Virtual confetti rains down from my browser’s title bar. I shield my eyes from the garish text flashing rhythmically to the pulse of John Philip Sousa, which squawks with all the pomp and grandeur that a poor little MIDI File can muster. “Congratulations on reading your 500th photography article on the subject of copyright infringement!” it exclaims — further proof that Google knows far too much about my personal proclivities.
I’m not sure exactly what attracts me to this particular genre. Perhaps I’m just endlessly fascinated by human audacity.
The articles divide into three distinct classes. In many cases, the author recounts how some rookie photographer decided to bypass the tedious learning curve by simply claiming the author’s images as their own. Other authors tell of compunctionless corporations who poach photographs from Flickr, and use them in worldwide marketing campaigns for hamster deodorant. Every so often, the articles are outrageous narratives about idea-bereft photographers who painstakingly recreate (rather than appropriate) another photographer’s carefully staged image — thus crossing over into the area of intellectual property theft.
What I find particularly curious about these articles is that, in nearly every case, the image thief rarely recognizes that they’ve done anything wrong. To the victim, it’s a crime. To the perpetrator, it’s “fair use.”
Alas, I’ve learned it’s beyond the humble scope of ULTRAsomething to alter social mores. The best I can do is observe, learn, react and report. As such, my report on copyright infringement might surprise you, but here it is: In the seven years that I’ve published ULTRAsomething, no one (to the best of my knowledge) has ever stolen a single one of my photos.
Intriguing, isn’t it?
You’re probably wondering how I’ve done it. Intrusively visible watermarks? Digimarc registration? High-priced lawyers crafting menacing legalese?
My technique is far simpler — I take photographs that no one wants to steal.
It’s important to realize that I’m not advocating crappy photography. Just because someone doesn’t want to steal something doesn’t mean it’s without value. For example, I’d wager more people would bootleg a recording of Beyoncé snoring than would steal, say, a copy of Bernard Parmeggiani’s De Natura Sonorum album. But this doesn’t mean the Parmeggiani album isn’t great, nor does it mean that the slumbering Beyoncé album is. It’s just the inevitable result of the bell curve of popular culture. The more popular something is, the more unscrupulous profiteers it attracts.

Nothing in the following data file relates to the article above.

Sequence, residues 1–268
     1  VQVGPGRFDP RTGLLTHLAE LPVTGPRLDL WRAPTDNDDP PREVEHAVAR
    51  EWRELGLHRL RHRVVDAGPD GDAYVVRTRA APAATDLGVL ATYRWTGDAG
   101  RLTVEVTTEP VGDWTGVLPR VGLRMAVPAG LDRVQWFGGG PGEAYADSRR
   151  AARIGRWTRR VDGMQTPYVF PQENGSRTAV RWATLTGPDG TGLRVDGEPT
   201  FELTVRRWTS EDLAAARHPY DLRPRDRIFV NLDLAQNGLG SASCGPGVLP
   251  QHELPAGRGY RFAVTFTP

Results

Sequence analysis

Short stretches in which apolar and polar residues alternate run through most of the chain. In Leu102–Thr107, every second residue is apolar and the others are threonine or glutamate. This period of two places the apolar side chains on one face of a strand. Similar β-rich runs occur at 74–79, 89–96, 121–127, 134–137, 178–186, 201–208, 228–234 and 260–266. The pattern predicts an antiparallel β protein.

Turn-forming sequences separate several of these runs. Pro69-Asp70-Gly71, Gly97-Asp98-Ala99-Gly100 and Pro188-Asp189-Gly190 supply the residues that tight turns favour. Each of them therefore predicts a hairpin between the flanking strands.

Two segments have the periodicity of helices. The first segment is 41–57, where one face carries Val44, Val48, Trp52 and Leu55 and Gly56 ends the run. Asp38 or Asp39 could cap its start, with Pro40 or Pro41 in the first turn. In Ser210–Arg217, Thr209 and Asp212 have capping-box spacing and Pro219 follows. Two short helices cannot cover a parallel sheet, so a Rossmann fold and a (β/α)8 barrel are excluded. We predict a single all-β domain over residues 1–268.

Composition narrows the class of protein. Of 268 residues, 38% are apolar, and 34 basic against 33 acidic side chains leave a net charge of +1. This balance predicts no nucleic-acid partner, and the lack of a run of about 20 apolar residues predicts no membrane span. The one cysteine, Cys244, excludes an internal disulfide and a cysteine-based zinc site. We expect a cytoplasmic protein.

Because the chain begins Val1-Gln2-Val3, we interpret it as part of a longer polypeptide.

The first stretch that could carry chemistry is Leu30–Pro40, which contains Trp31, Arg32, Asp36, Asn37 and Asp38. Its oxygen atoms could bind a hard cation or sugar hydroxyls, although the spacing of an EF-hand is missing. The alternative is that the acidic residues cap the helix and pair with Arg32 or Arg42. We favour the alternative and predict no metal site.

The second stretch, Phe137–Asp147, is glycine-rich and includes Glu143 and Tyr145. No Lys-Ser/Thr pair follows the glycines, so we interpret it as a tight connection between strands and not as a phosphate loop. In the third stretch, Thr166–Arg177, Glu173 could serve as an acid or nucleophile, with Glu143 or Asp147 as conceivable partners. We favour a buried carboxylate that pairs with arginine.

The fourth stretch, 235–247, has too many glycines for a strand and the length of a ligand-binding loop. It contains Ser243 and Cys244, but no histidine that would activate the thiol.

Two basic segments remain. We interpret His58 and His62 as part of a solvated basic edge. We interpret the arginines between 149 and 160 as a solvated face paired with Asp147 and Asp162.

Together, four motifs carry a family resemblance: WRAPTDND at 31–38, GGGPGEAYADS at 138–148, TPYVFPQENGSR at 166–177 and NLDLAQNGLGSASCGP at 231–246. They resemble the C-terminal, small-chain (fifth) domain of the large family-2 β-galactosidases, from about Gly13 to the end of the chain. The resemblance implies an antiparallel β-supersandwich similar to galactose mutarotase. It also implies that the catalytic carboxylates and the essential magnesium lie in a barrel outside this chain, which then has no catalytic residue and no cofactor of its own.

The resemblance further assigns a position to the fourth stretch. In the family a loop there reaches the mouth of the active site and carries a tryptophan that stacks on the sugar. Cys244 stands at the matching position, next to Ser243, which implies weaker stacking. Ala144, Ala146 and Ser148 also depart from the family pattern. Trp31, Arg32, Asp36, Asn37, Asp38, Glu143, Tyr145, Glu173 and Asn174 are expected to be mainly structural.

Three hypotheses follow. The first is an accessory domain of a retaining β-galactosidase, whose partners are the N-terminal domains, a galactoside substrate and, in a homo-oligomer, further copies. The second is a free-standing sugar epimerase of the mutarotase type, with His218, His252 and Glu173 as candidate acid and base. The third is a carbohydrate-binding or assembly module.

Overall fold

At some point, every photographer must choose between two audiences. Either they must satisfy the visual requirements of the world at large, or they must satisfy those of a single individual — themselves. The all-too-human desire for recognition, validation and income makes it rather difficult to ignore the call of the world. But it’s this same call that also attracts thieves, opportunists and copyright infringers.
I’m one of the lucky ones — I chose the “personal” path, and my photographs diverge markedly from public inclination. Occasionally, some less-fortunate photographer will also choose the personal route, only to discover they’re actually in-sync with world sentiment. Granted, this enables them to pursue their passion without having to renounce popularity or earnings, but at what price? The price of being targeted by image thieves, that’s what!
It would be a rare rookie photographer who would recognize the “charm” of my photos — so noobs never steal ‘em. Likewise, their obfuscated and metaphoric appeal means they receive little interest from corporations, who require photographs that register with a mass audience. And, since my photos are almost totally of the “found” (rather than “staged”) variety, there’s no intellectual property to steal, because there’s no intellect involved in their creation.
In general, the more personal your photography and the more intimate your motives, the less likely others will claim your photos as their own. Sure, you’re destined for a life of obscurity. And yes, people might snicker at the fact you only own two shirts, which you’ve worn on alternate days since Y2K was an actual global concern. But it all seems worthwhile when you find yourself kicking back to read another photographer’s tale of copyright woe, rather than settling in to write one of your own.
©2015 grEGORy simpson
ABOUT THESE PHOTOS: “Artistic License” was shot with a Leica Monochrom M (Type 246) and a Leica 50mm f/2 Summicron APO ASPH lens. “Mixed Metaphors” was also shot with a Leica Monochrom M (Type 246), this time fronted with a Leica 28mm f/2 Summicron. “Jack” was grabbed with my little Ricoh GR, while “Abduction” sees the Monochrom M (Type 246) return to action, but now with the Voigtlander 50mm f/1.5 Nokton lens.
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